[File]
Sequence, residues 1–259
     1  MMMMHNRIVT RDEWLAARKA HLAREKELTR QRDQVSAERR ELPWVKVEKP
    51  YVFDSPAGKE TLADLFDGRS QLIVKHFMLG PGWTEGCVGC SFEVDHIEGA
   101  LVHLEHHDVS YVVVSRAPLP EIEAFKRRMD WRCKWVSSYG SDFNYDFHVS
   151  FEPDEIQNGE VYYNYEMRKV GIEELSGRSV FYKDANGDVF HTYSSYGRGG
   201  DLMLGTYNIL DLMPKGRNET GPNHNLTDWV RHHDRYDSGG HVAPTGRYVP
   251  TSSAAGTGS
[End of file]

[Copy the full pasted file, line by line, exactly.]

Sequence, residues 1–259
     1  MMMMHNRIVT RDEWLAARKA HLAREKELTR QRDQVSAERR ELPWVKVEKP
    51  YVFDSPAGKE TLADLFDGRS QLIVKHFMLG PGWTEGCVGC SFEVDHIEGA
   101  LVHLEHHDVS YVVVSRAPLP EIEAFKRRMD WRCKWVSSYG SDFNYDFHVS
   151  FEPDEIQNGE VYYNYEMRKV GIEELSGRSV FYKDANGDVF HTYSSYGRGG
   201  DLMLGTYNIL DLMPKGRNET GPNHNLTDWV RHHDRYDSGG HVAPTGRYVP
   251  TSSAAGTGS